March 28, 2013


Diane M. Fremgen

Clerk of Court of Appeals







This opinion is subject to further editing.  If published, the official version will appear in the bound volume of the Official Reports. 


A party may file with the Supreme Court a petition to review an adverse decision by the Court of Appeals.  See Wis. Stat. § 808.10 and Rule 809.62. 





Appeal No. 


Cir. Ct. No.  2008CF2157









State of Wisconsin,






Delmarco M. Turner,







            APPEAL from a judgment and order of the circuit court for Dane County:  nicholas J. Mcnamara, Judge.  Affirmed. 

            Before Lundsten, P.J., Higginbotham and Kloppenburg, JJ.  

1        PER CURIAM.   Delmarco Turner appeals a judgment convicting him of multiple felonies and an order denying his postconviction motion for a new trial.  He claims: (1) trial counsel provided ineffective assistance by failing to challenge the timeliness of the trial; (2) trial counsel provided ineffective assistance by failing to object to identification testimony; (3) the circuit court violated Turner’s right to self-representation; and (4) the circuit court erred in excluding third party suspect evidence.  For the reasons discussed below, we reject each of these claims and affirm.


2        The State charged Turner with three counts of armed robbery and one count each of armed burglary, possession of a firearm by a felon, and theft of movable property, each as a repeat offender, and all based upon an incident in which three men and one woman forced their way into a residence where they took cash, credit cards, jewelry, a gun and other items from the residents at gunpoint.  One of the robbers had three gold teeth and wore a brown jacket, and another one wore a stocking mask over braided hair.  The credit card taken during the robbery was used a few hours later at a truck stop in Illinois.  The victims were able to identify several of the robbers, including Turner, who was wearing a brown jacket, from the truck stop’s surveillance video.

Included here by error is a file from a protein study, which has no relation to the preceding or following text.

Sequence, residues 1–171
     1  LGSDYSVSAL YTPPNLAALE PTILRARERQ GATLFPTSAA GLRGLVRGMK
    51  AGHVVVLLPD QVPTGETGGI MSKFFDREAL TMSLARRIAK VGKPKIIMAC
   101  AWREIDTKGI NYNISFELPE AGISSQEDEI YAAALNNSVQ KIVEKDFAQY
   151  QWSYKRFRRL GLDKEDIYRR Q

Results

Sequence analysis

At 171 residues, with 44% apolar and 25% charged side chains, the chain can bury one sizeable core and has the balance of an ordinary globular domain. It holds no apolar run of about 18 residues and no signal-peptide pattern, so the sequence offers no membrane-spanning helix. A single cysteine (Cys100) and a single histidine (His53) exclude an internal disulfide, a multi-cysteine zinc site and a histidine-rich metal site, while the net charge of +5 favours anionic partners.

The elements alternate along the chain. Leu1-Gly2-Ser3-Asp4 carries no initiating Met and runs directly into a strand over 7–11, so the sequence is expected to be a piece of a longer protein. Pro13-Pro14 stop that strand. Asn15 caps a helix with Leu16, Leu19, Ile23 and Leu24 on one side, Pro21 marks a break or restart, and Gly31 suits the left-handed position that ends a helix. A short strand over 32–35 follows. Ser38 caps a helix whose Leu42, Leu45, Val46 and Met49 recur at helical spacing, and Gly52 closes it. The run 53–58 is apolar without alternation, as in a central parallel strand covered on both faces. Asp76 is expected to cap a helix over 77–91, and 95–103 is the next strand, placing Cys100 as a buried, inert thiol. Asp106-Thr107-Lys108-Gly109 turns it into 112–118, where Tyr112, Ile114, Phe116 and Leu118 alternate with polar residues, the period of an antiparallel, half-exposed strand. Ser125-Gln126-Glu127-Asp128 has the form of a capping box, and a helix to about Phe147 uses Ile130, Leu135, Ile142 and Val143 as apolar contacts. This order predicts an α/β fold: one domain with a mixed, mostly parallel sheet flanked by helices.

3        Turner, who began serving a sentence in Missouri while the crime was still being investigated, filed a request for speedy disposition pursuant to the Interstate Agreement on Detainers (IAD) on October 29, 2009.  At a trial held in March 2010, the jury acquitted Turner on two counts and failed to reach a verdict on the remaining counts, resulting in a mistrial on those counts.  At a second trial held in June 2010, Turner was convicted on the remaining four counts.  We will set forth additional facts relevant to the issues on appeal in our discussion below.


4        Claims of ineffective assistance of counsel present mixed questions of law and fact.  Strickland v. Washington, 466 U.S. 668, 698 (1984).  We will not set aside the circuit court’s findings about counsel’s actions and the reasons for them unless they are clearly erroneous.  State v. Pitsch, 124 Wis. 2d 628, 634, 369 N.W.2d 711 (1985).  However, whether counsel’s conduct violated the defendant’s constitutional right to the effective assistance of counsel is ultimately a legal determination, which this court decides de novo.  Id.

5        Our review of a claim that a defendant has been denied the right to self-representation is similarly subject to a mixed standard of review.  We will independently determine, as a question of constitutional fact, whether a defendant has validly waived the right to counsel.  State v. Imani, 2010 WI 66, ¶19, 326 Wis. 2d 179, 786 N.W.2d 40.  However, whether a defendant has the necessary competence to proceed pro se is treated as a question of fact subject to the deferential clearly erroneous standard of review.  Id.

6        Trial courts have broad discretion to admit or exclude evidence and to control the order and presentation of evidence at trial.”  State v. James, 2005 WI App 188, ¶8, 285 Wis. 2d 783, 703 N.W.2d 727.  We will set aside such discretionary determinations only if the trial court has failed to apply a relevant statute or to consider legally relevant factors, or has acted based upon mistaken facts or an erroneous view of the law.  Id.